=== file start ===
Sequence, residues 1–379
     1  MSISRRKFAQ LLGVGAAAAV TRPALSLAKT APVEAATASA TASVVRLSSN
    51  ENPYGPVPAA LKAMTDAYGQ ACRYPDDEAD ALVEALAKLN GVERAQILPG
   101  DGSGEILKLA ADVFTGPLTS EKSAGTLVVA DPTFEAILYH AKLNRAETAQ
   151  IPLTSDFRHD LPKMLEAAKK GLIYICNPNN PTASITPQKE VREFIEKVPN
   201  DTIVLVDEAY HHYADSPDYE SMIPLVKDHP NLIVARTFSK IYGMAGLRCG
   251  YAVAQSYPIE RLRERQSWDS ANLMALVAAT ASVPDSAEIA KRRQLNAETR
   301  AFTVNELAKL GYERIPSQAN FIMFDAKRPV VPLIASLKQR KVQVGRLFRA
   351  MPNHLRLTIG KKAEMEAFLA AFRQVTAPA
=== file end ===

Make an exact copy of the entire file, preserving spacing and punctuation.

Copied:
Sequence, residues 1–379
     1  MSISRRKFAQ LLGVGAAAAV TRPALSLAKT APVEAATASA TASVVRLSSN
    51  ENPYGPVPAA LKAMTDAYGQ ACRYPDDEAD ALVEALAKLN GVERAQILPG
   101  DGSGEILKLA ADVFTGPLTS EKSAGTLVVA DPTFEAILYH AKLNRAETAQ
   151  IPLTSDFRHD LPKMLEAAKK GLIYICNPNN PTASITPQKE VREFIEKVPN
   201  DTIVLVDEAY HHYADSPDYE SMIPLVKDHP NLIVARTFSK IYGMAGLRCG
   251  YAVAQSYPIE RLRERQSWDS ANLMALVAAT ASVPDSAEIA KRRQLNAETR
   301  AFTVNELAKL GYERIPSQAN FIMFDAKRPV VPLIASLKQR KVQVGRLFRA
   351  MPNHLRLTIG KKAEMEAFLA AFRQVTAPA